Thursday April 26, 2012
Reflections of faith
By AZHARIAH KAMIN
Imam Suhaib Webb who hosts Reflections shares his views on the Quran.
THE thought of meeting an imam was intimidating and apprehension was never far from one’s mind. And to top it all, this imam is not from the mosque in your neighbourhood – but a six-footer American.
But all the apprehension disappeared the moment Imam Suhaib Webb extended his greetings in an exclusive interview with The Star at TV Al Hijrah’s office in Kuala Lumpur recently.
Accompanied by his Malaysian wife Norasmah Ayob, Webb, who is also fondly known among his acquaintances as Imam Suhaib and Brother Suhaib, was more than happy to talk about his show Reflections that airs on TV Al Hijrah (Astro Ch 114).
For his ever-growing followers, Imam Suhaib’s face would be the first they would watch in the morning to draw wisdom from the things discussed in Reflections.
In the 30-minute show, Webb discusses various Surah (Chapter) from the Quran and the connection between the verses that affect our daily life.
The show, which is conducted in English, showcases Webb’s ability to effortlessly switch from English to Arabic.
It’s not a surprise as Webb spent six years (from 2004 to 2010) studying at Sharia College of Al-Azhar University, in Cairo, Egypt, where he graduated with multiple certificates in Islamic sciences, qualifying him to preach and teach, and he’s memorised the Quran in Arabic (6,236 verses).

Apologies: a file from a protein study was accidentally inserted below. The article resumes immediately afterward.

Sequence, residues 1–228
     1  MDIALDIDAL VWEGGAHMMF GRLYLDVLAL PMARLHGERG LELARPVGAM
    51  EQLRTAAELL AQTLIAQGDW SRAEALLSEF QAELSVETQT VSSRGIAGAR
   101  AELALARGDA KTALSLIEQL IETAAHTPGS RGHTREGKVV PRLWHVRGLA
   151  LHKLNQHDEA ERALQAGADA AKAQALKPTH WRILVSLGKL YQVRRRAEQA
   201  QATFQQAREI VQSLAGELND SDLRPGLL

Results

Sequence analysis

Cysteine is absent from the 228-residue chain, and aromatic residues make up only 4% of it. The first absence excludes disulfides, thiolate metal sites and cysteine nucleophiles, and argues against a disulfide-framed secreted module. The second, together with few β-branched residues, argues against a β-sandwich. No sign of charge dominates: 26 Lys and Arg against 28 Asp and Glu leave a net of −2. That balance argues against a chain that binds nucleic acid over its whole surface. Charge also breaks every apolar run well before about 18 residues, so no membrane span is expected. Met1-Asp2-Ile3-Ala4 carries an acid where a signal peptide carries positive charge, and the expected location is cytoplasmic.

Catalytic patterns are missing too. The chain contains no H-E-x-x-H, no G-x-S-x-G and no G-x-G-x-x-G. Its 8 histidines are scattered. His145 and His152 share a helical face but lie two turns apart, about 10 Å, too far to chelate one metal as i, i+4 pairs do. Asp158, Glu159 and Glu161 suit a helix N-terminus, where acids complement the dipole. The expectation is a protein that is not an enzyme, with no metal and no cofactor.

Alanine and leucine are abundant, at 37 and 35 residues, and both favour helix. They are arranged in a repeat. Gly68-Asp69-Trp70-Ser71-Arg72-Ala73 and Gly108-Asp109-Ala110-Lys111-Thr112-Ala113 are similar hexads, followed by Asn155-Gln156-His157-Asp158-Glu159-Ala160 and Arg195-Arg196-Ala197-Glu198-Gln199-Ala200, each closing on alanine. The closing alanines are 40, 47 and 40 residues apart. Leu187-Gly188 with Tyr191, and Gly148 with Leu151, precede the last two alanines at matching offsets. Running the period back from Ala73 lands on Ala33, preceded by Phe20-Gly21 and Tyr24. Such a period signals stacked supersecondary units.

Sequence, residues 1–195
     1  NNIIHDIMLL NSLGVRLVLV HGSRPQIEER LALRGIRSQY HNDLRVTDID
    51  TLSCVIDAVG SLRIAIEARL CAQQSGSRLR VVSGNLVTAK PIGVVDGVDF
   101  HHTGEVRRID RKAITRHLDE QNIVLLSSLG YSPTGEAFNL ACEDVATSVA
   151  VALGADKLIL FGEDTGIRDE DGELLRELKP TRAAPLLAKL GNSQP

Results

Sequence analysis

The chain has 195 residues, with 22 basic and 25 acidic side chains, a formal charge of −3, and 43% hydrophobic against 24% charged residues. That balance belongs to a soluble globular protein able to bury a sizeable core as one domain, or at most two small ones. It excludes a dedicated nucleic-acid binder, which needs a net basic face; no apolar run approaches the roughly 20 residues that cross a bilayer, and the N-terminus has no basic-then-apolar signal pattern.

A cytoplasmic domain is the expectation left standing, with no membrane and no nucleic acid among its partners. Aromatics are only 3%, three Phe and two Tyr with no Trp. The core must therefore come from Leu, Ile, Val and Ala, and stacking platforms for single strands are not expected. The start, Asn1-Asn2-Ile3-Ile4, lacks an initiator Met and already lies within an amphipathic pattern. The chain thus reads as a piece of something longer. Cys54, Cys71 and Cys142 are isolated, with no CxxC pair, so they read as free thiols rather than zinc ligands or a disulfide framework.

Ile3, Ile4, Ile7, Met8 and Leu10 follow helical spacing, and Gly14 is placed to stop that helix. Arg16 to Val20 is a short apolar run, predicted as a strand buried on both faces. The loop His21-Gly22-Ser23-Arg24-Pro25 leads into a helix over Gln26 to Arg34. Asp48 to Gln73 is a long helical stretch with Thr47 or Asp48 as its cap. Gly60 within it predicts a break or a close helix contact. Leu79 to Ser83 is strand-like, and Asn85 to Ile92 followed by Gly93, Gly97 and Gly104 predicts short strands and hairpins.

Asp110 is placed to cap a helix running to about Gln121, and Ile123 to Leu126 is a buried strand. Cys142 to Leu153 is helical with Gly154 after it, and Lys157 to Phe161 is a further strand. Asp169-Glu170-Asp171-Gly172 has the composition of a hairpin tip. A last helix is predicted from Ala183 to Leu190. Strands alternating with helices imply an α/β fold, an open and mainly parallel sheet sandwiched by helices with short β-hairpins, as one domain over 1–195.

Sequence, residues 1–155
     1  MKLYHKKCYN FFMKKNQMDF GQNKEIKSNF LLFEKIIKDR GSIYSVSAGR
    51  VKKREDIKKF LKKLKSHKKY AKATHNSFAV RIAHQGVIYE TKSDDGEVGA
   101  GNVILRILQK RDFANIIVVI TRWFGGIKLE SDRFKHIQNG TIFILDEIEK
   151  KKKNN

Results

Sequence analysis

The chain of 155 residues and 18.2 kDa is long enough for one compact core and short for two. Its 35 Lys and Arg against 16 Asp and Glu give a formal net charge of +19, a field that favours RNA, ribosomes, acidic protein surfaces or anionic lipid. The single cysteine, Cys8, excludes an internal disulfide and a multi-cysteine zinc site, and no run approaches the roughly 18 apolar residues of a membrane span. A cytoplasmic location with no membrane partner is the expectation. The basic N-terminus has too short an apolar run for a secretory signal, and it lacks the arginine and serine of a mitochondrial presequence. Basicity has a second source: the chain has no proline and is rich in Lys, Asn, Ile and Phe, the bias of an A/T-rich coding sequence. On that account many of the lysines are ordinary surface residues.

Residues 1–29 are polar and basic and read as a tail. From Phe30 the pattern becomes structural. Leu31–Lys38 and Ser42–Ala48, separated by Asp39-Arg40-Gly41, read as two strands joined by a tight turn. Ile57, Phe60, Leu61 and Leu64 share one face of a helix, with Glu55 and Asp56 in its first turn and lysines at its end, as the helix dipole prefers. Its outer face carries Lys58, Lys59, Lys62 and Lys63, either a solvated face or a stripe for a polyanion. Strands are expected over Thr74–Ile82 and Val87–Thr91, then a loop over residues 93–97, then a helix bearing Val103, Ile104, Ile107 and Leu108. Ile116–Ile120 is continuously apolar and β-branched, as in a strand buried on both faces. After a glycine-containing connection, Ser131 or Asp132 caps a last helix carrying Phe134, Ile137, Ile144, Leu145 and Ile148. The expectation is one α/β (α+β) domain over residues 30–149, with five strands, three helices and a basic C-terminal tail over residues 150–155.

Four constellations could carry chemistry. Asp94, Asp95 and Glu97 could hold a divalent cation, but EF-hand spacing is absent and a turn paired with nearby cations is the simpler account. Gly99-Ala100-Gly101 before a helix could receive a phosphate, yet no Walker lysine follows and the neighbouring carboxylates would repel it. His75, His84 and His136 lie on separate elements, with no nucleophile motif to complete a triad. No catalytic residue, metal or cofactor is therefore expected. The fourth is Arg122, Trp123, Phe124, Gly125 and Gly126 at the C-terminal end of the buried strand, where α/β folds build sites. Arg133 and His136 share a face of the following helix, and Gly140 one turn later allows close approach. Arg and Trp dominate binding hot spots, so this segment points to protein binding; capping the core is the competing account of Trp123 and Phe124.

After graduating from Al-Azhar, he moved to Silicon Valley in the San Francisco Bay Area, where he hosted the weekly call-in radio show Real Talk.
During his years in Cairo, he also served as the head of the English Translation Department at Dar al-Ifta al-Misriyyah.
During his stay in the San Francisco Bay Area, he preached at local mosques and led spiritual retreats.
Apart from his studies, he frequently lectures in the United States and Malaysia, and records public lecture series on Islam and contemporary Muslim matters.
“Reflections is a good platform for me to share my views and the value of Quran with Malaysians,” said Webb, whose quarterly visits here to be with his wife and two children would be occupied with recording of Reflections and giving talks. That’s not a surprise as he is one of the most sought-after speakers for his knowledge on various topics related to Islam.
When asked about his journey into Islam, the charismatic 40-year-old said that he was growing up as a preacher’s grandson in Oklahoma, attending church services twice a week, until the pull of Christianity started to weaken.
His teen years were spent spinning hip hop music as a deejay, but that world came to feel hollow.
“I was working with hip hop artistes then and some of them were Muslims and introduced me to the Quran. I studied the Quran for three years before I converted.”
Despite achieving popularity as a hip hop deejay, Webb felt empy. But hip hop introduced him to African-American Muslims who stirred his curiosity about Islam. He checked out a copy of the Quran from the local library and studied the faith for three years before embracing Islam.